Reactor Safety


In all commercial nuclear power plants which are being planned, under construction or operating today, severe accidents with significant radioactive releases are possible. In case of such an accident, large areas can be contaminated for long periods of time. As a result, damages to people's health as well as fatalities have to be expected with a high likelihood.


To reduce these hazards, there have been world-wide, continuous efforts to improve nuclear safety in the past decades. Stepping-up of international discussion, enhanced cooperation between states and further development of safety features and equipment were aimed at. Safety requirements became stricter and more comprehensive.

On the other hand, the growing economic pressure in a globalized and liberalized economy can have a negative impact on safety - in the planning and construction stage of nuclear power plants, but also regarding operation, maintenance and backfitting.

The Fukushima accident on March 11, 2011 as well as several near-accidents that have occurred in recent years show that in this conflict, the factors which enhance safety are not necessarily dominating...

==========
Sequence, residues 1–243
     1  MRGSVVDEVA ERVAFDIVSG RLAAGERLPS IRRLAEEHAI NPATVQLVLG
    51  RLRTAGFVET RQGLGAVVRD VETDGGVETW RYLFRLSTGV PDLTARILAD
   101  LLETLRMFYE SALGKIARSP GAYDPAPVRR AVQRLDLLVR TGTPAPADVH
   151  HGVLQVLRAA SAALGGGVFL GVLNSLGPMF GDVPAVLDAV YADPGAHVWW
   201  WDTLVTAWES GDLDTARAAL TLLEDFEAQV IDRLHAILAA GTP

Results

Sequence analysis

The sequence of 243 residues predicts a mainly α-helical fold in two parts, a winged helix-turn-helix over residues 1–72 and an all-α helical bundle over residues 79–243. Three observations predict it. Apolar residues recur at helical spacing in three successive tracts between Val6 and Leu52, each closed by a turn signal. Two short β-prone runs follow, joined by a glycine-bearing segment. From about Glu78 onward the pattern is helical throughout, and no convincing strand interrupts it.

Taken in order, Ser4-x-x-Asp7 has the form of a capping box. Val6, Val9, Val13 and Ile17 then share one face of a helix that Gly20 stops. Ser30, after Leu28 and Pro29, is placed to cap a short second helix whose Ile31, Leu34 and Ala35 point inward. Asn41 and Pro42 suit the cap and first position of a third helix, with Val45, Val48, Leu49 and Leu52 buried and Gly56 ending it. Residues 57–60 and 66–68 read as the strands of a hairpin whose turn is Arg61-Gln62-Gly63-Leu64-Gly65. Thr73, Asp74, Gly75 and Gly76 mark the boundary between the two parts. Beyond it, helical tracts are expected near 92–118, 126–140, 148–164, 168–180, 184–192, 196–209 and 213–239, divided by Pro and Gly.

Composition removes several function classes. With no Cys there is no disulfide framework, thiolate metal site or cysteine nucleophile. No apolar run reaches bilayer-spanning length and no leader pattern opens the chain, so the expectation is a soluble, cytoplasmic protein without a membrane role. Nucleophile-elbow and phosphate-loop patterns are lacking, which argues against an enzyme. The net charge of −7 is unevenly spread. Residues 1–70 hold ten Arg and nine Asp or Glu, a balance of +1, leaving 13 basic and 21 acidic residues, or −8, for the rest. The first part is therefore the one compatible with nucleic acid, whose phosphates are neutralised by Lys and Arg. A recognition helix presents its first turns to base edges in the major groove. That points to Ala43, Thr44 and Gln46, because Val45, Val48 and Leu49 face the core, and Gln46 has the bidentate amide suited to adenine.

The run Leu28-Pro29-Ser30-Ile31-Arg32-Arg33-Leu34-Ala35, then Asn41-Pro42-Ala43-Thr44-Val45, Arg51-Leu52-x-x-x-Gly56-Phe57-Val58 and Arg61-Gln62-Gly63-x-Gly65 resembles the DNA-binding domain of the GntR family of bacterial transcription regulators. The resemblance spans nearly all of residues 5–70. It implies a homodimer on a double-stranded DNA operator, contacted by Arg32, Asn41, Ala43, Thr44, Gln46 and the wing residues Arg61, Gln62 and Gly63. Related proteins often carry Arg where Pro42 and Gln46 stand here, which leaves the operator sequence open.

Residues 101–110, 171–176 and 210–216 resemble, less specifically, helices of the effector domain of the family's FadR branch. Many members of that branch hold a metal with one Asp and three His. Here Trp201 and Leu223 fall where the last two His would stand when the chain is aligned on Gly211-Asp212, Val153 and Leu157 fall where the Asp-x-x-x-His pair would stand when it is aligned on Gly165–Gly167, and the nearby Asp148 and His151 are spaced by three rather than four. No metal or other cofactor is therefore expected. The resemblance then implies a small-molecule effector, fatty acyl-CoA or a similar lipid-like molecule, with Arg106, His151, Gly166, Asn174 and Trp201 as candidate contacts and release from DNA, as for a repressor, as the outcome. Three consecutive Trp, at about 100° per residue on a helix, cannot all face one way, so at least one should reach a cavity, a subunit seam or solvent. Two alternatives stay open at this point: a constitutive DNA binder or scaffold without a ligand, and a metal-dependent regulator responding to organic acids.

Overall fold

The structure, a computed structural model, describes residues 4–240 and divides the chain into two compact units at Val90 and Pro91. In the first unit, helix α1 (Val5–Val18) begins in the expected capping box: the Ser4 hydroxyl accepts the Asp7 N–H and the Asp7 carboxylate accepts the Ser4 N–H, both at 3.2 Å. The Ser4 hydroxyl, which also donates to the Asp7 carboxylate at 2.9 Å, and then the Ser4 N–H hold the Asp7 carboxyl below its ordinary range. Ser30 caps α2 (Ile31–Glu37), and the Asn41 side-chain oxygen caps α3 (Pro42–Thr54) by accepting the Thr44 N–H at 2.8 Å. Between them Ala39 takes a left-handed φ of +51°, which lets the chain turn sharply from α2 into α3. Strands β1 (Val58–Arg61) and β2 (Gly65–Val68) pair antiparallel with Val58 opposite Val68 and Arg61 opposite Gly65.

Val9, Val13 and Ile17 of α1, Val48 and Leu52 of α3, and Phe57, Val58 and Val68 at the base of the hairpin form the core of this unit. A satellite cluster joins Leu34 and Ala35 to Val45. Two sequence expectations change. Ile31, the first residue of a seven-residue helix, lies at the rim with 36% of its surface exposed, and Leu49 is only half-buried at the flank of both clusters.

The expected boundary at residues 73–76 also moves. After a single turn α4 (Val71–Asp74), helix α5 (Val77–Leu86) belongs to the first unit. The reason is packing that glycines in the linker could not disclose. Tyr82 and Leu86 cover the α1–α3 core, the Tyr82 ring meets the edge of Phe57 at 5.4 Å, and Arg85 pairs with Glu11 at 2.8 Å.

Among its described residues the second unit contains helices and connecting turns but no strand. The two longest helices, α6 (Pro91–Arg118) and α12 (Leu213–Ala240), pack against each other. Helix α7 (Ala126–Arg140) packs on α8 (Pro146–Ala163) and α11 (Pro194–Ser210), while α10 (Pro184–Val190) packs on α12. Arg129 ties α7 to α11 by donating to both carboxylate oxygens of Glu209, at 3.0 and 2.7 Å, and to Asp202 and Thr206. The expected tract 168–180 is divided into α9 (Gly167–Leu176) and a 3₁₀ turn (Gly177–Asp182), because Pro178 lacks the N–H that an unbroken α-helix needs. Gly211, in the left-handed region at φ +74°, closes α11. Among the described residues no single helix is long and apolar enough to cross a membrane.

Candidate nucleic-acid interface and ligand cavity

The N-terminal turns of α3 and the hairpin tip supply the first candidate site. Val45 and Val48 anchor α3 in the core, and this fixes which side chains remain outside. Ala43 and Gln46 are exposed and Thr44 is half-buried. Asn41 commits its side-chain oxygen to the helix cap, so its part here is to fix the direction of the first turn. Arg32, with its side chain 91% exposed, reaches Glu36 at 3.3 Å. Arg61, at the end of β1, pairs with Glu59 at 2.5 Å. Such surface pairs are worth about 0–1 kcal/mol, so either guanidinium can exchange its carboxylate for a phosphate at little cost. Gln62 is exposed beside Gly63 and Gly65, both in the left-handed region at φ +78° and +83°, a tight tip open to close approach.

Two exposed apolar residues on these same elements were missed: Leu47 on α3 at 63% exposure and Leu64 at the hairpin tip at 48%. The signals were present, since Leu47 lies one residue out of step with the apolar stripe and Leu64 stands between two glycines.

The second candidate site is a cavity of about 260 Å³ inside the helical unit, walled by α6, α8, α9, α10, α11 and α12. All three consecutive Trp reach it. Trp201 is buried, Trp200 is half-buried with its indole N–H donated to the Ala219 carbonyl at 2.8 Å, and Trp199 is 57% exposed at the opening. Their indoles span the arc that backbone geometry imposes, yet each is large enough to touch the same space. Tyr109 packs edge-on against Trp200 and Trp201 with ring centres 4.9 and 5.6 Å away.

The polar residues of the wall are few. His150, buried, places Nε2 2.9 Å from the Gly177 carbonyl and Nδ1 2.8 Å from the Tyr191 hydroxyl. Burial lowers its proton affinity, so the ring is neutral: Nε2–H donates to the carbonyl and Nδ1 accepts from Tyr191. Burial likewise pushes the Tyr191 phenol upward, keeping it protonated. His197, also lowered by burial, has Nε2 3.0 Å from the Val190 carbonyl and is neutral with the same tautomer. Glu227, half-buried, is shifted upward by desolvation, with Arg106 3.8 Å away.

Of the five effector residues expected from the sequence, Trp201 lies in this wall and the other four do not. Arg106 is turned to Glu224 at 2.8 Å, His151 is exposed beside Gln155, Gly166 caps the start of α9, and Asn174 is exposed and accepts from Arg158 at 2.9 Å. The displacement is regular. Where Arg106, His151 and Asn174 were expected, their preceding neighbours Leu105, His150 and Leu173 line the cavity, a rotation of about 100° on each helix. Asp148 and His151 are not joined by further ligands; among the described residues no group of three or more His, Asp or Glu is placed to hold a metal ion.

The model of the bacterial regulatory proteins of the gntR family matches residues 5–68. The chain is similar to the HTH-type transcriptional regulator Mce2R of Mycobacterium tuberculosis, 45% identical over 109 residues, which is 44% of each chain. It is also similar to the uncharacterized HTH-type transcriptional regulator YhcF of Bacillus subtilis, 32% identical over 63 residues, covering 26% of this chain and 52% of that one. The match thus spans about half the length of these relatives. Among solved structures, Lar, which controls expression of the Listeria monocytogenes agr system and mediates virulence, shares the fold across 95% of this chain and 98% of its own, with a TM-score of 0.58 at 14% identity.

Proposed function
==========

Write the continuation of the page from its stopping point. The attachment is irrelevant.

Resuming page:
As long as nuclear power plants are operated, a continuous and consistent improvement of the level of nuclear safety is required. This must be accompanied with the harmonization of safety requirements as well as the practice of nuclear regulation across state boundaries. Borders cannot stop radioactive releases - different safety standards in different countries cannot be justified.

Within the European Union, this harmonization is already underway and there has been progress, though much remains to be done. The development world-wide is still less pronounced, despite the efforts of the International Atomic Energy Agency IAEA.

Current activities of cervus nuclear consulting:


  • Contribution to the harmonization of requirements and practices regarding reactor safety at EU level
  • Evaluation of new nuclear power plant projects in the framework of bilateral consultations.

Particularly relevant:


  • H. Hirsch is leading a European working group on the expectations for the safety demonstration of nuclear power plants. The avoidance of accidents with large and/or early radioactive releases is the main focus of this work which is expected to continue until 2019.
  • Coordination of the Austrian experts in the Safety Dialogue with Slovakia, concerning the completion of units 3 and 4 of Mochovce nuclear power plant. The Safety Dialogue is to be concluded in 2019, with the compilation of a comprehensive documentation.